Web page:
Girls in Northern Ireland are more likely than boys to experience cyber-bullying, new research suggests.
The EU-funded Blurred Lives project studied how young people between the ages of 14 and 16 experienced and responded to cyber-bullying.
More than one in five children (22%) in the study said they recently had nasty or unpleasant experiences online.
But most children who took part said they had never experienced or witnessed cyber-bullying.
More than a quarter of girls who took part in the study (27%) said they had recently experienced cyber-bullying compared to 17% of boys.
The findings were based on detailed responses from 525 schoolchildren in Northern Ireland.
Some reported they had been told to kill themselves or cut their wrists.
Others said they been mocked about their appearance or sent nude pictures.
Just over one in 10 (11%) said they had done something nasty or unpleasant online to someone else.
The most common type of cyber-bullying was "mean things" said online.
Other children reported rumours spread about them online, being sent embarrassing text messages or pictures, or people creating fake profiles for them on social media.
Boys were three times more likely than girls not to tell anyone they had been cyber-bullied.
Among children and young people in Northern Ireland
22%Experienced nasty or unpleasant experiences online recently
27%Of girls had experienced cyber-bullying
17%Of boys had experienced cyber-bullying
11%Said they had done something nasty or unpleasant to others
However, the majority of the children did want teachers, parents and their friends to offer support when cyber-bullying was happening.
The research also looked more widely at online use among the participants.
Almost all of the children who took part had their own smartphone, while a majority said they also owned tablets and games consoles.
Over half of those who took part said they spent more than five hours a day online.
Snapchat and Facebook were the most popular sites and apps - used by about two-thirds of the young people who took part in the research.
YouTube and Instagram were used by about half the participants, while only one in 10 used twitter.
Some 2% of respondents admitted they used adult sites.
The Blurred Lives project received 291,000 Euro (£262,000) from the European Union's Erasmus + programme to carry out the research.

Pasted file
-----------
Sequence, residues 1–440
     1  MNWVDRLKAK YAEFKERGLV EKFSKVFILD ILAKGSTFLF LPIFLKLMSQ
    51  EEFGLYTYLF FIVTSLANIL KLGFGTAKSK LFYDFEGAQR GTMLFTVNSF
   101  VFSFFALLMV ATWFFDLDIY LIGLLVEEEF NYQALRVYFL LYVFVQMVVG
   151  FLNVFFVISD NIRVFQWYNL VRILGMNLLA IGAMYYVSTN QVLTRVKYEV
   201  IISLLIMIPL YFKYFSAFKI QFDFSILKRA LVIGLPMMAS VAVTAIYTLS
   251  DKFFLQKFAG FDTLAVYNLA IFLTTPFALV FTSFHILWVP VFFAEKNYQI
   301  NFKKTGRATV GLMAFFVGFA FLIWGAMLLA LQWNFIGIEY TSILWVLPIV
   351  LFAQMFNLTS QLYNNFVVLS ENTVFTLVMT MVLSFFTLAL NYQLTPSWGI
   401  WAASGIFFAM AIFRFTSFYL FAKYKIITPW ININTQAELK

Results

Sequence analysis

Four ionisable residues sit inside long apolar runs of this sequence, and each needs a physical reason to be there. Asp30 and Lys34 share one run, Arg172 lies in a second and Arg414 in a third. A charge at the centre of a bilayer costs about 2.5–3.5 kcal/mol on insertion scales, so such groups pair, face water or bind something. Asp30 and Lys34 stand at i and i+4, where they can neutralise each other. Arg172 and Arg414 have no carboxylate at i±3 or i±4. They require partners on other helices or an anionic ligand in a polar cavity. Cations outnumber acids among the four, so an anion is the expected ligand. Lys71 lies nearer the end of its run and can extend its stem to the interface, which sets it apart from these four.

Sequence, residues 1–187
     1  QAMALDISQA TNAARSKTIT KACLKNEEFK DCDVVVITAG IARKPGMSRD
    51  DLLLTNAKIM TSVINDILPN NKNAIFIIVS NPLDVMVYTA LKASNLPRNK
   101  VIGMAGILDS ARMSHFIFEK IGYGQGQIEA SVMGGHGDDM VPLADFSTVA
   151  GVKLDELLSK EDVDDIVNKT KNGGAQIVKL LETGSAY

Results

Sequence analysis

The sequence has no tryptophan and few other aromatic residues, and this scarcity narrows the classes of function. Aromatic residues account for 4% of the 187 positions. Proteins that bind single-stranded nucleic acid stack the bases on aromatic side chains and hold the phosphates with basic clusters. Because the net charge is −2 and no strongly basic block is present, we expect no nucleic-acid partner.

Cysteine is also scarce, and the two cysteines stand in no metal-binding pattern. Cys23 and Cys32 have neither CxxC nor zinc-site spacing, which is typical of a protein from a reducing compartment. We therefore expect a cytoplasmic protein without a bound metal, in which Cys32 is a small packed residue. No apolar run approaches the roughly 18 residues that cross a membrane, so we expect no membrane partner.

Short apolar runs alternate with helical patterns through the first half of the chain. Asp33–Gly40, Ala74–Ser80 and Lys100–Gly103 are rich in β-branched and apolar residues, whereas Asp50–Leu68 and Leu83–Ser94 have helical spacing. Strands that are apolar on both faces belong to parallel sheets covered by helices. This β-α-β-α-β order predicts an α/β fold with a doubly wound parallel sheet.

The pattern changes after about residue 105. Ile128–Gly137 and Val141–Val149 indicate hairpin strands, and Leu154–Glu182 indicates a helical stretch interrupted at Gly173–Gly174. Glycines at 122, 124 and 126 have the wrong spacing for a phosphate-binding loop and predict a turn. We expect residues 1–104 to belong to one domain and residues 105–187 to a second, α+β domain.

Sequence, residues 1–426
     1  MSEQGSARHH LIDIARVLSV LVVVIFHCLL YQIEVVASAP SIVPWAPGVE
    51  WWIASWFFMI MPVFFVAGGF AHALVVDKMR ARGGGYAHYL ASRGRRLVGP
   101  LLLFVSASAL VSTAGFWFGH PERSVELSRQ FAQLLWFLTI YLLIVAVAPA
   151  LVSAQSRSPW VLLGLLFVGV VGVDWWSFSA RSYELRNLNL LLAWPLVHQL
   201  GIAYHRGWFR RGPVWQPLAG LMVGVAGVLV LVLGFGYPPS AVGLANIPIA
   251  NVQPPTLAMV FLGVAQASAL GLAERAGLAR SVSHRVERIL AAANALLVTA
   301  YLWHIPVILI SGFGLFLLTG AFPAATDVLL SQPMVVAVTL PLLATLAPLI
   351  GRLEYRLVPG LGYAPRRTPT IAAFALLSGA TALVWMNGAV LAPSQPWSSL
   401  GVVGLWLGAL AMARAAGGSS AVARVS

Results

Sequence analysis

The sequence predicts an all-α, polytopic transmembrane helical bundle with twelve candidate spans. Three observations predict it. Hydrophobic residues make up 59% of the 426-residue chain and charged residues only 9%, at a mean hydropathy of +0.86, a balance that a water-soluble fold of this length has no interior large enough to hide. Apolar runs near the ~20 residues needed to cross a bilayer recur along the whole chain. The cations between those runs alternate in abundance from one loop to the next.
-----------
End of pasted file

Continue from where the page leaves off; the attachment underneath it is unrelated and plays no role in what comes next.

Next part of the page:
Stranmillis University College in Belfast was the lead partner, working in collaboration with universities in England, Italy, Holland and Germany.
One mother's story
Mandy Chism's 16-year-old daughter, Elle, took her own life in April 2017 after she was targeted by cyber bullies.
The bullying began five years earlier when Elle got a mobile phone and started secondary school.
Mandy, who lives in Omagh, County Tyrone, said she was shocked by the scale of abuse, which happened through an anonymous online platform.
She said the bullies encouraged her daughter to attempt to take her own life.
"There has always been bullying, there will always be bullying, the severity of it blew me away," she said.
"It send shockwaves through our family, it clearly sent shockwaves through Elle, she was very upset and horrified. She did start self-harming."
Mandy said Elle became isolated and "quite erratic" as the bullying affected her "whole mindset".
She added: "It felt like I was in the wild west with things coming at me from every angle and not knowing how I can stop this, how can I sort this out?"
She said it was "harrowing" to discover the culprits could not be traced due to the anonymous nature of the forum they used.
She added that she did not think it was fair to blame the children behind the abuse.
"We have to remember they are 11 or 12-years-old. These app providers allow them to be anonymous," she said.
Mandy said they lost Elle five years after the abuse began. She said her death had not only affected her family, but had had an impact on her school and community.